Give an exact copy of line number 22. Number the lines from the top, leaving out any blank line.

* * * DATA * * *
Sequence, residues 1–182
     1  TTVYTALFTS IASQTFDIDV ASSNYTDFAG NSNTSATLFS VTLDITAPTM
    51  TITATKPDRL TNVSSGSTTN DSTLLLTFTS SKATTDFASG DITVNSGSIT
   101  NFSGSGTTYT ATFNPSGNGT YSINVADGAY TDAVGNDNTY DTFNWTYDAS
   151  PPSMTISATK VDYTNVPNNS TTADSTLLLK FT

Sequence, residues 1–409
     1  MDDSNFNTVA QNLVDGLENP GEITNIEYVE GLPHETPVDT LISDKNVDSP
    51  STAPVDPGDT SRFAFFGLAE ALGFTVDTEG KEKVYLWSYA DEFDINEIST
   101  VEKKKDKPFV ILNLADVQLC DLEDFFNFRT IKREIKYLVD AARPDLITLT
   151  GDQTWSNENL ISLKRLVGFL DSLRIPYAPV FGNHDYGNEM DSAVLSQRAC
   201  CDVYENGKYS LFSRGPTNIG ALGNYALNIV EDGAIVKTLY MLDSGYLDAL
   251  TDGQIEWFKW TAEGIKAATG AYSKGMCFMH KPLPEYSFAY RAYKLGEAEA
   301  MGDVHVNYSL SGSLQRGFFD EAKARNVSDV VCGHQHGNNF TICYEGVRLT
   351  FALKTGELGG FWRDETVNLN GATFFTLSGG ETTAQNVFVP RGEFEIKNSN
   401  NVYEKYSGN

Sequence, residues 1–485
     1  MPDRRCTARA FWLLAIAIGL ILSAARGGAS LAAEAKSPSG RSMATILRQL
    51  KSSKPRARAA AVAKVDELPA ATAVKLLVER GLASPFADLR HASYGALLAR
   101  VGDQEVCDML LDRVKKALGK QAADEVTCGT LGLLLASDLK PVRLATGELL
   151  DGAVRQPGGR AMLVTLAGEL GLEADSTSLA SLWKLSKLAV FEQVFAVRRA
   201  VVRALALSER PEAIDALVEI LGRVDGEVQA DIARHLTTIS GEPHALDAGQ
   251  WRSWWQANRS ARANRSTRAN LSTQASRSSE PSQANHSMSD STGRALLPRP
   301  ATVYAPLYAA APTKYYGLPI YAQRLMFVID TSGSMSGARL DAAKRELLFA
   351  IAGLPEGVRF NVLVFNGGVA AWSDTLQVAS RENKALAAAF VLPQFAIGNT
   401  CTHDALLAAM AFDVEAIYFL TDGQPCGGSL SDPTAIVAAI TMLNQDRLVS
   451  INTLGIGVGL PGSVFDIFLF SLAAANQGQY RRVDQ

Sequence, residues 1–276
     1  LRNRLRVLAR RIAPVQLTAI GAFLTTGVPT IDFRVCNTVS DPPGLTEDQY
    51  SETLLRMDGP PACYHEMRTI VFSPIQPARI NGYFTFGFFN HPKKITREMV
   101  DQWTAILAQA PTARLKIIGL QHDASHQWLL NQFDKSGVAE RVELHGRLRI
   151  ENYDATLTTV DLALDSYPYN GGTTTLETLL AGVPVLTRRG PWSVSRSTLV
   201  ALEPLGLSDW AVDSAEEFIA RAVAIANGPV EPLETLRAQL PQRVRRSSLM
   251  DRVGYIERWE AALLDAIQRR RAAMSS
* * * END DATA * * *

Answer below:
   251  WRSWWQANRS ARANRSTRAN LSTQASRSSE PSQANHSMSD STGRALLPRP